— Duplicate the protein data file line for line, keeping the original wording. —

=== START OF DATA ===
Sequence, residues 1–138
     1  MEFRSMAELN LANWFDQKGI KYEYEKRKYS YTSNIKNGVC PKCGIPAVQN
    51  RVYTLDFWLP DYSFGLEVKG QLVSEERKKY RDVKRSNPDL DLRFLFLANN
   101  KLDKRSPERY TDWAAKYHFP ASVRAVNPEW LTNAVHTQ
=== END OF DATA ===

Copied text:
Sequence, residues 1–138
     1  MEFRSMAELN LANWFDQKGI KYEYEKRKYS YTSNIKNGVC PKCGIPAVQN
    51  RVYTLDFWLP DYSFGLEVKG QLVSEERKKY RDVKRSNPDL DLRFLFLANN
   101  KLDKRSPERY TDWAAKYHFP ASVRAVNPEW LTNAVHTQ